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Deep in their hearts, everyone has to be looking forward to a fresh start in 2021.
And who would know better about matters of the heart than a cardiologist? We asked some of the nation’s best about resolutions – what they’re planning for themselves, and what they wish their patients would focus on for a healthy and happy new year.
“You need to resolve to stay healthy and safe,” said Dr. Ivor Benjamin, director of the Cardiovascular Center and professor of medicine at the Medical College of Wisconsin in Milwaukee. “It’s an ever-present challenge for everyone, independent of where they are.”
In California, Dr. Robert Harrington is chair of the department of medicine at Stanford University. He’s making its institutional motto a personal one as the fight against the coronavirus goes on.
Stanford Medicine tells its health care workers, researchers, staff and students to be safe, be smart, be kind, said Harrington, a past president of the American Heart Association. “So my personal resolution is that I will work at staying safe through good public health measures of mask-wearing, frequent hand-washing and appropriate social distancing; at staying smart by keeping up to date with the latest news and research on COVID-19; and at staying kind by focusing on our extended community needs.
“Here’s hoping that my patients can do the same.”
Even as the pandemic is a top health concern, there’s room for thinking beyond it.
“The new year is always a good time for patients to reprioritize their health,” said Dr. Fatima Rodriguez, an assistant professor of cardiovascular medicine at Stanford. She’d like patients to focus on healthy eating and scheduling physical activity every day. “There are no quick fixes to optimal cardiovascular health. It takes consistency.”
Dr. Rachel M. Bond, system director of women’s heart health at Dignity Health in Arizona, suggests resolving to learn the art of relaxation.
“Although stress and anxiety are common – and we’ve had more than our fair share of both in 2020 – chronic stress and anxiety can be dangerous for our heart health.” Anxiety can trigger the release of stress hormones such as cortisol and adrenaline, which can increase heart rate and blood pressure. Women are at higher risk for stress-related heart issues, Bond said.
“Finding healthy ways to cope with this is a must,” she said. She suggests meditation, exercise, listening to music, conversing with family or friends or even seeking professional help.
Relaxation was on Rodriguez’s mind with her personal resolutions. She’s aiming to take time to disconnect from devices – “no email, no cellphones, no social media. I’d also love to prioritize time for reading non-medical literature and journaling.”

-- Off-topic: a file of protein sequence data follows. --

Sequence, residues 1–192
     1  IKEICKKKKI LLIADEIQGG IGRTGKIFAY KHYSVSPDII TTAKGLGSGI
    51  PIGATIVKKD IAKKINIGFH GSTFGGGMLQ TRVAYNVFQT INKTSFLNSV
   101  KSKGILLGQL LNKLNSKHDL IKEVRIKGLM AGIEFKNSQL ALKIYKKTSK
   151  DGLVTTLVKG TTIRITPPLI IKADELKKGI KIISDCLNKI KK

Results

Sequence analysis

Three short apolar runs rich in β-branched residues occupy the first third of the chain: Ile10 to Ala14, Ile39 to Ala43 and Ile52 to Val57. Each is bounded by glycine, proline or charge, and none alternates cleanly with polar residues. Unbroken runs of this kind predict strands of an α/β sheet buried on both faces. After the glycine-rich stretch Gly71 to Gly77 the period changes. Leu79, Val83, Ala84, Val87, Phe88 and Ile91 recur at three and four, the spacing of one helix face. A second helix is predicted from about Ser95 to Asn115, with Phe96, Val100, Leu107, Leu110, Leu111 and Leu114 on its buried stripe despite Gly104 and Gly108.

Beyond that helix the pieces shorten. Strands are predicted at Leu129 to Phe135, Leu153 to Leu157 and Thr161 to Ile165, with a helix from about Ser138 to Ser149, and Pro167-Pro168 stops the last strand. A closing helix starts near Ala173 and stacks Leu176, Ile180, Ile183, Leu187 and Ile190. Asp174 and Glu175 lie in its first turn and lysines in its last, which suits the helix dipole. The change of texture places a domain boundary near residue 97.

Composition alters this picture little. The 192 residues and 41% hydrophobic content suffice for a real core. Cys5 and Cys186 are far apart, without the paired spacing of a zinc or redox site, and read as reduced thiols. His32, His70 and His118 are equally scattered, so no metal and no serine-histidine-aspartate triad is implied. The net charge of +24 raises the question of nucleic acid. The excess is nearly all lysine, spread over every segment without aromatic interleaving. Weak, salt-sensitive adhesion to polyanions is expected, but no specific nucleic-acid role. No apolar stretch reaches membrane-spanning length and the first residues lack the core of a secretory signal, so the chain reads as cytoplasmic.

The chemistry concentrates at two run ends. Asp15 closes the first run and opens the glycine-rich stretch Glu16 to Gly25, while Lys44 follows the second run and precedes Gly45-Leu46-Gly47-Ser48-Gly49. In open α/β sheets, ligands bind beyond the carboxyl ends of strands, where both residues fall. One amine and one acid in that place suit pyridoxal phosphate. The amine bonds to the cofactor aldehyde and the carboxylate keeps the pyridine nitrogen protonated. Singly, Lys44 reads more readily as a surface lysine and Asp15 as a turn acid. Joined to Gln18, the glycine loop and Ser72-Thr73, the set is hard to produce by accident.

Bond said she isn’t traditionally a resolution-maker. “I usually try to shy away from making yearly resolutions, as if I fail to stick to them, I feel an extreme level of guilt.”
To that point – Benjamin, a past president of the AHA, said it’s important to make resolutions that are realistic.
For example, he’d like to lower his handicap in golf. “But it’s kind of hard to do that when I live in Wisconsin and there’s still snow on the ground for the next four to five months.”
For patients looking to make healthy changes, Benjamin offers this simple advice year-round: “I am looking for progress, and not perfection.”
For example, instead of setting out to run a marathon, a good resolution for adults might be to follow the federal recommendation to get at least 150 minutes of brisk exercise every week. “I tell my patients walk 30 minutes a day and take a day or two off for good measure. Just do the math, and you’re going to get there.”
He and Bond both looked inward with some of their personal goals. Benjamin hopes he can spend more time in the present, “so that I can be a catalyst and, hopefully, a positive force for everything that’s around me.”
And Bond said “with 2020 being a year for the history books – and a chapter I am eager to close,” she’s focused on gratitude.
“What 2020 has taught me is that life-altering triumphs, no matter how great or small, should be celebrated, as who knows what tomorrow may bring. … I choose to take an initiative to ensure I am thankful for all the small mercies I’ve experienced and will continue to experience in my life.”
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American Heart Association News covers heart and brain health. Not all views expressed in this story reflect the official position of the American Heart Association. Copyright is owned or held by the American Heart Association, Inc., and all rights are reserved. If you have questions or comments about this story, please email [email protected]
By Michael Merschel
American Heart Association News
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